Brad Miller is at it again -- Dressing up Bank bailouts as jobs protection through an overtly friendly press.
Eastern Wake News:
Mortex owner Ed Morrell met with U.S. Rep. Brad Miller on Wednesday to explain how the U.S. Department of Agriculture's Rural Development office helped work out the details for a loan that kept his company afloat.
And this is how it was done...
Capital Bank's Triangle Region president Todd Warrick suggested the company and the bank work on an application to the USDA.
Under the terms of the deal, Capital Bank loaned Mortex $2.6 million on a 15-year note. They loaned the company another $500,000 on a 10-year note. The bank also extended a $750,000 line of credit, which Morrell says he does not plan to use. The loans are collateralized by the buildings and Morrell's personal savings.
Mortex didn't borrow any money from the government, a point Morrell made Wednesday in a meeting with employees. The deal calls for the USDA to guarantee 80 percent of the loans.
That means if Mortex defaults, the USDA would pay Capital Bank 80 percent of the loan balance.
And because the loans are fully collateralized, Capital Bank's exposure is limited.
That puts the pressure on Morrell and his family, which owns the privately-held company.
"(Morrell's wife) Kissie and I are on the hook," Ed Morrell told employees Wednesday. "If we fail, we lose everything we have."
Wouldn't you like to be Capital Bank in this transaction?
- Make a loan that is fully collateralized.
- Make interest on a no-risk loan due to an 80% back-stop on losses. In this case the loans total $3.1 million (credit lines do not qualify for the USDA 80% back-stop).
The interest rate of a loan is usually based on the risk of the loan. In this case the loan is fully backed with assets plus, in the event of default, coverage for 80% of the losses in the loan value. Where is the risk? There is none, yet the bank presumably charges interest. The interest rate is not given in the article, but business loan interest rates are generally quite a bit higher than home loans. In any event, interest charged on a risk free loan above 3% (estimated cost of loan administration and profit) is a government subsidized giveaway to the banks. The interest rate charged by Capital Bank is certainly much greater than 3%.
--This is a possible win for employees of Mortex, if Mortex doesn't fail.
--This is an absolute win/win no risk event for Capital Bank, whether Mortex survives or not.
--Supporting a weak business in a dying industry on the backs of taxpayers is a no win for America.
But how did Eastern Wake News report all this in the opening paragraph?
More than 600 people in Nash, Johnston and eastern Wake counties still have jobs thanks to provisions in a federal stimulus package that loosened underwriting rules for loans to companies in rural areas.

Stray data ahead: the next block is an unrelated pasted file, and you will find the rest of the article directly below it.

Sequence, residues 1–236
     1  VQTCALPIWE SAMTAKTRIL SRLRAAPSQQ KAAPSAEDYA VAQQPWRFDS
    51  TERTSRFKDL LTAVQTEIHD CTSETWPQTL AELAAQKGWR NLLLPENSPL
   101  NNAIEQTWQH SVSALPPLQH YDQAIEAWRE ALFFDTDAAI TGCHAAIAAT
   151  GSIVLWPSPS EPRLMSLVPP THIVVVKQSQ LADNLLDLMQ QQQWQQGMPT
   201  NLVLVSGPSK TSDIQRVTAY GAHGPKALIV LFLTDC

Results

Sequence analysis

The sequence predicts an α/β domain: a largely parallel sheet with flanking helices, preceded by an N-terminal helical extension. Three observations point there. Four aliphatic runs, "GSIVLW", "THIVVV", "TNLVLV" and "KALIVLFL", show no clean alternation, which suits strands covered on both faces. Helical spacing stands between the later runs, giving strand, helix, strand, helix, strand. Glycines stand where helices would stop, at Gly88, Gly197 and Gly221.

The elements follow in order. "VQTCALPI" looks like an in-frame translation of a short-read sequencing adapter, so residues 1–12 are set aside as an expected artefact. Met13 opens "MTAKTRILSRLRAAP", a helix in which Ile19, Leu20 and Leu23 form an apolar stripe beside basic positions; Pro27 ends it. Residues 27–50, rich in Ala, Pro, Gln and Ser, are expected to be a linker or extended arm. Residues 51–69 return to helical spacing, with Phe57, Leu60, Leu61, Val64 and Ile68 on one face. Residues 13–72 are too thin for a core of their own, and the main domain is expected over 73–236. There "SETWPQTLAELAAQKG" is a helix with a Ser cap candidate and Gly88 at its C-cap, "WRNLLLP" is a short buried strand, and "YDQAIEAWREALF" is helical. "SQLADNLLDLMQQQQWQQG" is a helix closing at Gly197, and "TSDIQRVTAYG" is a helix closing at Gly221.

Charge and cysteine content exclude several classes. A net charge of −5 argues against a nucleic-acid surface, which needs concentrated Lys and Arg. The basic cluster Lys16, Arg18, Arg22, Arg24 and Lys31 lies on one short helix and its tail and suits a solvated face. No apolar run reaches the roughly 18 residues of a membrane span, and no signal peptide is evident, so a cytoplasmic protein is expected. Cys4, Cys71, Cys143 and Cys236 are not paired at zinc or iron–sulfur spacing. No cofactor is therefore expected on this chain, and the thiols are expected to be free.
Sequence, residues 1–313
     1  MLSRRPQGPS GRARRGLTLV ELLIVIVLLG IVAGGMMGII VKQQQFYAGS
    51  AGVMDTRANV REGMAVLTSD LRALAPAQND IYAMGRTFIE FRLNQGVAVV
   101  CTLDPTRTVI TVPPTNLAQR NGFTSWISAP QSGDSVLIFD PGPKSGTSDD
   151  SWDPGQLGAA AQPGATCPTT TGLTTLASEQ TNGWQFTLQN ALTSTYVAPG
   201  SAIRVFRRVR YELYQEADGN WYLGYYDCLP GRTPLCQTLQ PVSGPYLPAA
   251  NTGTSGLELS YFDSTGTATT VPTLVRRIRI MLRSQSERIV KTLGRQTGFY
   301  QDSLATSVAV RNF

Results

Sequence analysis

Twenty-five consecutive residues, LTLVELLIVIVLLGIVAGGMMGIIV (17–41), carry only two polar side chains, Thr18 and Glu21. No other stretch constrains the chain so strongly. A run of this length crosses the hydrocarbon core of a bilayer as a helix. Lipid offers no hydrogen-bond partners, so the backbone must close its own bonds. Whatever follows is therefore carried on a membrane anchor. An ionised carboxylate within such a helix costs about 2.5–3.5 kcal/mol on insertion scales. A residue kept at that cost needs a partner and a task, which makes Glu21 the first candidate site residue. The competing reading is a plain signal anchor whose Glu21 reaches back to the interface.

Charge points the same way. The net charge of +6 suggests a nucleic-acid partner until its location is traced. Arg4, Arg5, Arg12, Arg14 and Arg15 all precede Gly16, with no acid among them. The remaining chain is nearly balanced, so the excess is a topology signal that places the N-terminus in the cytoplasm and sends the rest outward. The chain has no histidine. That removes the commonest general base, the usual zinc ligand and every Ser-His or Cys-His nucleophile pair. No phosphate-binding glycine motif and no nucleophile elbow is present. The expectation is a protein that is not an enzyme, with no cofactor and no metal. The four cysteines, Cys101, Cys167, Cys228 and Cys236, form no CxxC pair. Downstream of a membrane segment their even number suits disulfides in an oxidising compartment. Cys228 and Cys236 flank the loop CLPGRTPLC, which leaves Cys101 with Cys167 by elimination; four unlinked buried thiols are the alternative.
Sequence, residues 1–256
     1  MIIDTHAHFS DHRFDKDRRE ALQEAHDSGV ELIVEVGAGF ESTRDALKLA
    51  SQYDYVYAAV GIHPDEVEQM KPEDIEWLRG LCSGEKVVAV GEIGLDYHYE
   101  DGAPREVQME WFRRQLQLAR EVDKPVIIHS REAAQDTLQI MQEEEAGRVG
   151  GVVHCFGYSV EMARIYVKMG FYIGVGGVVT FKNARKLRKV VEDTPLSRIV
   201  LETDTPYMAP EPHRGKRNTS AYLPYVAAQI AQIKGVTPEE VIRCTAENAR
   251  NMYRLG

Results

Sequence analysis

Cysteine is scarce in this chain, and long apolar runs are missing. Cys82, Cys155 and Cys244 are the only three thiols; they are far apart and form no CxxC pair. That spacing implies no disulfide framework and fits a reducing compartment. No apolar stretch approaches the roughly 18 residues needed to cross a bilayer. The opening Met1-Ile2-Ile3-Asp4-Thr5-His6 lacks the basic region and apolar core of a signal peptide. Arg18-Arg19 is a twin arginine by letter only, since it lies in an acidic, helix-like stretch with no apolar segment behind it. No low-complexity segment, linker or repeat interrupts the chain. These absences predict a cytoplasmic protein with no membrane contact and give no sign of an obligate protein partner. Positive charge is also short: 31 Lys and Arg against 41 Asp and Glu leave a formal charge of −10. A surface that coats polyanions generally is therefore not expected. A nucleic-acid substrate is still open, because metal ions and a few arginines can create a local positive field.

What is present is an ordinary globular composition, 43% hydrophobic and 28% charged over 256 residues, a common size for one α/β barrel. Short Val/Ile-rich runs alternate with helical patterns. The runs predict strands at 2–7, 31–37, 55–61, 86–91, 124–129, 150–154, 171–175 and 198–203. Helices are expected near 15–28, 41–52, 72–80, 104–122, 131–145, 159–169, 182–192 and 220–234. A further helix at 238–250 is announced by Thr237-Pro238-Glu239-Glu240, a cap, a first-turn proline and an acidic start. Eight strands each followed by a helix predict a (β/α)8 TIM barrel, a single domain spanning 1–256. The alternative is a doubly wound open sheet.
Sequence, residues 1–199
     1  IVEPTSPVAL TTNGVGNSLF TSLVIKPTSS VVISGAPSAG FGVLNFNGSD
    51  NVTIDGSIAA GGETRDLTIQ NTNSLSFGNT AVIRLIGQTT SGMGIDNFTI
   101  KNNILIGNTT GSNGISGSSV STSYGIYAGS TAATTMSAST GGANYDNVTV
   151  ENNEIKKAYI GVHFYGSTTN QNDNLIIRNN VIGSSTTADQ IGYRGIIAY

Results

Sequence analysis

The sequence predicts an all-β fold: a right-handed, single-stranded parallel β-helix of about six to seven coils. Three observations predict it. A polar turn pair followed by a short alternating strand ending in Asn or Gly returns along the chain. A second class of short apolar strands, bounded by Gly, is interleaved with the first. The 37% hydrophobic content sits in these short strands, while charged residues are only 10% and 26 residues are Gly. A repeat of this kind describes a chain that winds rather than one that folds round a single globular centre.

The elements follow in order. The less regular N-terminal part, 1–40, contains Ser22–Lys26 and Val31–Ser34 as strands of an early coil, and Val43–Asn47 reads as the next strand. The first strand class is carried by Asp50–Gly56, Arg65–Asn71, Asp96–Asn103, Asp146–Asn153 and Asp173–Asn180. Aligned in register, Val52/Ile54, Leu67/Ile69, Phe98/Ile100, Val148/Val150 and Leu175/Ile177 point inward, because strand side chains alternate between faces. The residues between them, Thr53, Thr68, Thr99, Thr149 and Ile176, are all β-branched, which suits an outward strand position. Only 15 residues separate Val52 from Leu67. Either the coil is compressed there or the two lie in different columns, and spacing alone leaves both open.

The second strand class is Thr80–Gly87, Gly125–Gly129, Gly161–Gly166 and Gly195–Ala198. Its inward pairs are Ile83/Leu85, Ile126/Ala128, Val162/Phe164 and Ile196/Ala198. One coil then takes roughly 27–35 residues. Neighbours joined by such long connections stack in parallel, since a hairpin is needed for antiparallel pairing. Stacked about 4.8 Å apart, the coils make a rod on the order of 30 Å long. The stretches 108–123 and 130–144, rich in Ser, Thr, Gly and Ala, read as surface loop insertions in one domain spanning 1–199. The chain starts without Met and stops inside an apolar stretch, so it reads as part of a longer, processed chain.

Brad Miller added:
"If you hear of people who say the stimulus package never saved a job, you can look at them and tell them it saved yours," Miller said.
It must be nice having friends in the press who are willing to throw reputation to the wind for the cause of your election.
Imagine the influence, though, -- Mortex beholden to government, Capital Bank beholden to government handouts, employees beholden to Brad Miller, and government under pressure of a $3.o8 million payout to keep Mortex from failing.
Now imagine weakened business across America taking advantage of such loans and the government giveaway (whether the business defaults or not) to Brad Miller's Bank friends at the expense of the productive class. Risk is for the little people not for the Miller's friends at the banks. Meanwhile Brad Miller dresses up this fleecing of citizens as a jobs saver. Immoral governance.
Are these connections likely to end in economic vitality, or or will they result in increased government influence for the ruling class and a loss of influence for the citizens of America?
Lastly, this sort of activity is what got America into the over leveraged position it that currently plagues our economy. According to this USDA Rural Development PDF this program "allows lenders to make loans above their legal lending limits".
Why does Brad Miller want the citizens of this nation indebted to his Big Bank Friends while protecting those same banks from all risk?
As an aside, a few questions have to be asked.
- Just how bad do the banks expect to economy to get that they require an 80% back-stop on fully collateralized loans before considering going forward?
- Just how bad does our government think things might get that they agree to this %80 back-stop?
- And finally, is inflation considered in measuring losses on these? A bout of inflation would not only increase the likely hood of default but it would run up the losses that could be counted against the %80 back-stop.